So RCG, if you are appreciated for your book, I wonder what is the sample of your readers and their quality/loyalty to truth.
Now another word he attributes to himself – “moderate Hindu” as opposed to “extremist Hindu”, a label he attributes to “Hindutva” (as if it is a monolithic movement, but lets not enter that discussion now). And based on what? Where is his definition of Hindu to call himself moderate and someone else extreme? More importantly, moderate and extreme are viewpoints towards one common goal – what is it? Does RCG have anything like a “goal” in Hindu interests to call himself moderate? None. He calls himself moderate because he does not “believe” in “extreme” steps like violence. I am afraid he is confused between armchair criticism and getting one’s hands dirty; and calling this difference that of moderate and extreme. Being a Hindu and taking a stand on a Hindu cause are entirely different things. Other than criticizing the “Hindutva” for their “activism”, he has no case to make, no stand of his own on the serious issues facing the Hindu society – some of which he mentions in a negative light. If casteism is a problem, if woman’s status is a problem, if inter-religious strife is a problem, then what is your “moderate” formulation of these and your “moderate” means to solve? What is the cause-effect logic you established, which leads to these problems and what is the solution? None. You are “moderate” because you do not own any cause, nothing more. Moderates are those who worked their lives to bring about amity between communities, not by bashing any community but by contributing to them. Moderates are those who worked to bring down the number of conflicts between communities.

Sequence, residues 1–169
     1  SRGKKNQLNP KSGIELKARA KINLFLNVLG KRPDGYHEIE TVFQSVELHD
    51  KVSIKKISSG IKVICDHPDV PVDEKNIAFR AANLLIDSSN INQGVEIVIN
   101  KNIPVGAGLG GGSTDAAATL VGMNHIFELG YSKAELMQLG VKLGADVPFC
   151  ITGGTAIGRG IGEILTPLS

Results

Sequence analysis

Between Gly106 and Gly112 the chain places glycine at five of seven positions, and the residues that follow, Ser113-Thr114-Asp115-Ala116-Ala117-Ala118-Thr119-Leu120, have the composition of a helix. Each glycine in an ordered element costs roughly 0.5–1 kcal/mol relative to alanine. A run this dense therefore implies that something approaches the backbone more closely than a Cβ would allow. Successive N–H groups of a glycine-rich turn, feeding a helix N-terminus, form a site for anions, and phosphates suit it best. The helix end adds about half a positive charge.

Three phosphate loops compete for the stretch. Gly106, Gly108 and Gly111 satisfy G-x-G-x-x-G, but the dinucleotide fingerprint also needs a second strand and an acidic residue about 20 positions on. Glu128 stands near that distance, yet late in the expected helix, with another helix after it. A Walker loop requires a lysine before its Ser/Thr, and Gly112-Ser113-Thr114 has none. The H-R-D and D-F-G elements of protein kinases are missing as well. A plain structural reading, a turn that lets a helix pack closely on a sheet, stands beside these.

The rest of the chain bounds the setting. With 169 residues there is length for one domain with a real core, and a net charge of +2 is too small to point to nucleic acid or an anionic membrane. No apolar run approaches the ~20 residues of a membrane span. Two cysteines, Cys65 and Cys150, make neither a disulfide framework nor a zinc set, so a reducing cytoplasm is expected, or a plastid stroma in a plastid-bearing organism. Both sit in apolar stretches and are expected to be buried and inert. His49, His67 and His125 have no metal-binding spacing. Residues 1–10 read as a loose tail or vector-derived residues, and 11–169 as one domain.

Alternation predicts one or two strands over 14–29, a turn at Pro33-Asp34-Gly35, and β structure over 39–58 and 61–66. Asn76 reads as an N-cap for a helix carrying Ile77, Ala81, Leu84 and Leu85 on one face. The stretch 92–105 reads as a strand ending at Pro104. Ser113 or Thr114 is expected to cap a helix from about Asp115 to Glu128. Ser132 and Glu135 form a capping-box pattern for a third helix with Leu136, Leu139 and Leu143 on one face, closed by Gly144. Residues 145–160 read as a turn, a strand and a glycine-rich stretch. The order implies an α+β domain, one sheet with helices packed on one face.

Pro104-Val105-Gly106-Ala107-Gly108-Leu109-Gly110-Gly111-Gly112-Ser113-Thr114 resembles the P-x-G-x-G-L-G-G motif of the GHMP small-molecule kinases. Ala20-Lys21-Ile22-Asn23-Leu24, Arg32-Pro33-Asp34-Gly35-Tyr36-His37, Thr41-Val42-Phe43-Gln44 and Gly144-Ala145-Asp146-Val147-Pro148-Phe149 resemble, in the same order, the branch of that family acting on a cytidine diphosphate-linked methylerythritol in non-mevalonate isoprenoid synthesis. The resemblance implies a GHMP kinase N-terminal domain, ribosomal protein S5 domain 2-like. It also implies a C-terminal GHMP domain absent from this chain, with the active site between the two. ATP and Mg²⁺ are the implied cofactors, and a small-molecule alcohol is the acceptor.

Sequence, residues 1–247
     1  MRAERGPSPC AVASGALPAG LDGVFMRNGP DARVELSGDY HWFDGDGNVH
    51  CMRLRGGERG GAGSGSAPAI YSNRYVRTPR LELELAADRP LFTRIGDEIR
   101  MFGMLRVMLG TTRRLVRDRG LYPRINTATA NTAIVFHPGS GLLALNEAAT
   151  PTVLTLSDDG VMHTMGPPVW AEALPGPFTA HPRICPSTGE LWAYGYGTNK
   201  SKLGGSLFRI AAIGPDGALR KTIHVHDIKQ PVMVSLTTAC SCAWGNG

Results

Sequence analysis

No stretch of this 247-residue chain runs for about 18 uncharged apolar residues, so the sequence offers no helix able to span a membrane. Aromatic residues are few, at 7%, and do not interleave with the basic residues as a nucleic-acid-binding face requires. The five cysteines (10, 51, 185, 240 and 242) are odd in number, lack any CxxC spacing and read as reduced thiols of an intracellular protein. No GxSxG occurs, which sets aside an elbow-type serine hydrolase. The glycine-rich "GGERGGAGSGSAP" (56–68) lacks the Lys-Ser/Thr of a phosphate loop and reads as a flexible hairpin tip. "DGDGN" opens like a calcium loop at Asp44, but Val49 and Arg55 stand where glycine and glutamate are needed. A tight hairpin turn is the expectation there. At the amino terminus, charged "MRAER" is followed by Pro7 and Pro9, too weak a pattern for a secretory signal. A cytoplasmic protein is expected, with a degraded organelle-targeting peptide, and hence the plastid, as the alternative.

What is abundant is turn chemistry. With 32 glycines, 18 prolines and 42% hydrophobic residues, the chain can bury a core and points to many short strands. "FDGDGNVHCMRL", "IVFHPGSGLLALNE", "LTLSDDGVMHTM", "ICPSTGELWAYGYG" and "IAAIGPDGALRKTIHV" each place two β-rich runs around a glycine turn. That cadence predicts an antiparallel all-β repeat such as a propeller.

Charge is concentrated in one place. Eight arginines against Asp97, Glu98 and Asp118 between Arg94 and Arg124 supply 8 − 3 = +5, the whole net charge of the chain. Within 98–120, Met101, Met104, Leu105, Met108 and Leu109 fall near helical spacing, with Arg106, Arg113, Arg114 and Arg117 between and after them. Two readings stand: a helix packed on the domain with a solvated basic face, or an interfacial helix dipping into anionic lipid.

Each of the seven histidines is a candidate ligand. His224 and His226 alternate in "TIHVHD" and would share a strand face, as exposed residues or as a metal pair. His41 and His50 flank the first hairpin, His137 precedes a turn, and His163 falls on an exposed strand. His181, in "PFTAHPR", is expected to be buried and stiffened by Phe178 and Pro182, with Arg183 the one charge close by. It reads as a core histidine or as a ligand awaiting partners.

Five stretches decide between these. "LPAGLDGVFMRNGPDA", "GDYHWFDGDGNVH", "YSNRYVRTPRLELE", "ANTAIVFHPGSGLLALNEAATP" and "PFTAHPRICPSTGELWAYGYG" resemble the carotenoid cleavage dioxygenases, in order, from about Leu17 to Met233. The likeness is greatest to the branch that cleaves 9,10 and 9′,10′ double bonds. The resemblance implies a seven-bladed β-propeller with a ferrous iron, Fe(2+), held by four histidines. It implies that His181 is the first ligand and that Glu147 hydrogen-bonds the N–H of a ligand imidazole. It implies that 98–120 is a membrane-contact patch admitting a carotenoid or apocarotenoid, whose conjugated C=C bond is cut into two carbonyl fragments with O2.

Hindutva and Riots
Let us get to the sample “hate mail” he discusses, subsequently. But before the hate mail, let us take a detour on his anti-Hindutva tirade in the same article. That is because we need to understand his positioning right before we see how he analyzes what he calls the hate mail.
RCG recalls some riots to describe what he means by “Hindutva”, the Bhagalpur riots. Here he cares a hoot about cause-effect. The obvious questions that must cross any sane mind do not cross his mind –